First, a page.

Date of Award
Franklin A. Tuitt, Ph.D.
Cultural Historical Activity Theory, Race, Student Affairs
In recent years student activism on college campuses has called for new and more equitable racial policies, practices, and pedagogies. Both fueled by and fertile ground for social movements, colleges and universities have mirrored national protests and calls for action toward the democratic imperative of higher education. However, often student affairs administrators have struggled in conceptualizing their roles in engaging students. How were they prepared for this? This research seeks the answer this question - how, if at all, are student affairs practitioners being prepared to work on more racially diverse college campuses?
Grounded in cultural-historical activity theory (Engeström, 2001) and critical race theory (Delgado & Stefancic, 2001; Yosso, 2002), this research provides analysis of the ways in which student affairs programs engage para-practitioners in racial learning and development. Specifically, this research utilizes a critical case study analysis (Stake, 2005; Yin, 2014) to explore how one higher education and student affairs master's program works to make racial learning and development toward advocacy possible. In doing so this research exposes the reproductive of normative and dominant discourses in national standards and competency documents often used to evaluation para-practitioner learning and the tension experienced as the program at stake attempts to aid para-practitioners in navigating the complex object of racial learning. Implications for teaching and learning, practice, and research present possibilities of affect and emotionality as locations for racial learning, as well as proposing a shift from faculty notions of expertise to shared and consistent learning.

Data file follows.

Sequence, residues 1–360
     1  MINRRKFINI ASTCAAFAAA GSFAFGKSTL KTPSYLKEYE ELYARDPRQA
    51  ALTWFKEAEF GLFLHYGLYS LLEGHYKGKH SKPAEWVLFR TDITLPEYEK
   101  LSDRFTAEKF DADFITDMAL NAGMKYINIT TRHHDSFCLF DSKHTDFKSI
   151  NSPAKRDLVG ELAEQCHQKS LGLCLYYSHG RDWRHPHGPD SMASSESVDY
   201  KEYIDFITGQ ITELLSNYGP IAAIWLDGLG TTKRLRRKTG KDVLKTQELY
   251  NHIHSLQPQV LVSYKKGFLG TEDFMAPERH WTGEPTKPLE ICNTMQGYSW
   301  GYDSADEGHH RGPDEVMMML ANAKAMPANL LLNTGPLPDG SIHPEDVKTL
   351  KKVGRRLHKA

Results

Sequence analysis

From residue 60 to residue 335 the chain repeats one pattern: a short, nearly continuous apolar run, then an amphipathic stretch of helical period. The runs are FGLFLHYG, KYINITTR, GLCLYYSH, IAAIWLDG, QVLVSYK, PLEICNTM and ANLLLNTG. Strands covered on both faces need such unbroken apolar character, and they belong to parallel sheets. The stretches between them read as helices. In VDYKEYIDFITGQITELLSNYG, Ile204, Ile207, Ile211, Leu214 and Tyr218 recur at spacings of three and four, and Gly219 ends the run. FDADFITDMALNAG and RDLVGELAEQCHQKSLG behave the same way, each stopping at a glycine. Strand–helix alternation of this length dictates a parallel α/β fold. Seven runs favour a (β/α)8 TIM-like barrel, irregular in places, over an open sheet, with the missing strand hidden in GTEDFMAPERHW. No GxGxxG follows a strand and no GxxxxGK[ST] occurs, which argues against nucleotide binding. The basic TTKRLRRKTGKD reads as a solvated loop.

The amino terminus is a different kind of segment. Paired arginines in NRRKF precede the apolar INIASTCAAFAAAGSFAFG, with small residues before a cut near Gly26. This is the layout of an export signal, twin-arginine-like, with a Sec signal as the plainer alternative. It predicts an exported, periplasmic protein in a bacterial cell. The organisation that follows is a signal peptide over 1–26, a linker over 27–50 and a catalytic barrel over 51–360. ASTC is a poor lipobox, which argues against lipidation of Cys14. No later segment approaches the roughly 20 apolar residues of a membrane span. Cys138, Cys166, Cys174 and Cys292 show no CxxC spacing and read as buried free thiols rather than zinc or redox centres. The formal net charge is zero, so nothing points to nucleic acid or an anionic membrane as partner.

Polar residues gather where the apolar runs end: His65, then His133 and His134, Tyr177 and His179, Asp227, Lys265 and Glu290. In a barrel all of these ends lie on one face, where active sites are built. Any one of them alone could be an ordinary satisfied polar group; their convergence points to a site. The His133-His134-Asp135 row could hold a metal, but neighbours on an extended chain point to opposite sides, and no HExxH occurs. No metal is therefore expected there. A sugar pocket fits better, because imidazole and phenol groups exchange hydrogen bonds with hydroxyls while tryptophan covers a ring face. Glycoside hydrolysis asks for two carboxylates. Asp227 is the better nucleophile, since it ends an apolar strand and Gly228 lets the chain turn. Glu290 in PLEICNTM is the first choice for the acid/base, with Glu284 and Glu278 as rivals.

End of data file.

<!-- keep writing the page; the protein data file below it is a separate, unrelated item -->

Copyright Statement / License for Reuse
This work is licensed under a Creative Commons Attribution 4.0 License.
Deal, Kristin Lee, ""Is it Even Possible?": Student Affairs and Practitioner Preparation for more Racially Diverse College Campuses" (2016). Electronic Theses and Dissertations. 1205.
Received from ProQuest
Kristin Lee Deal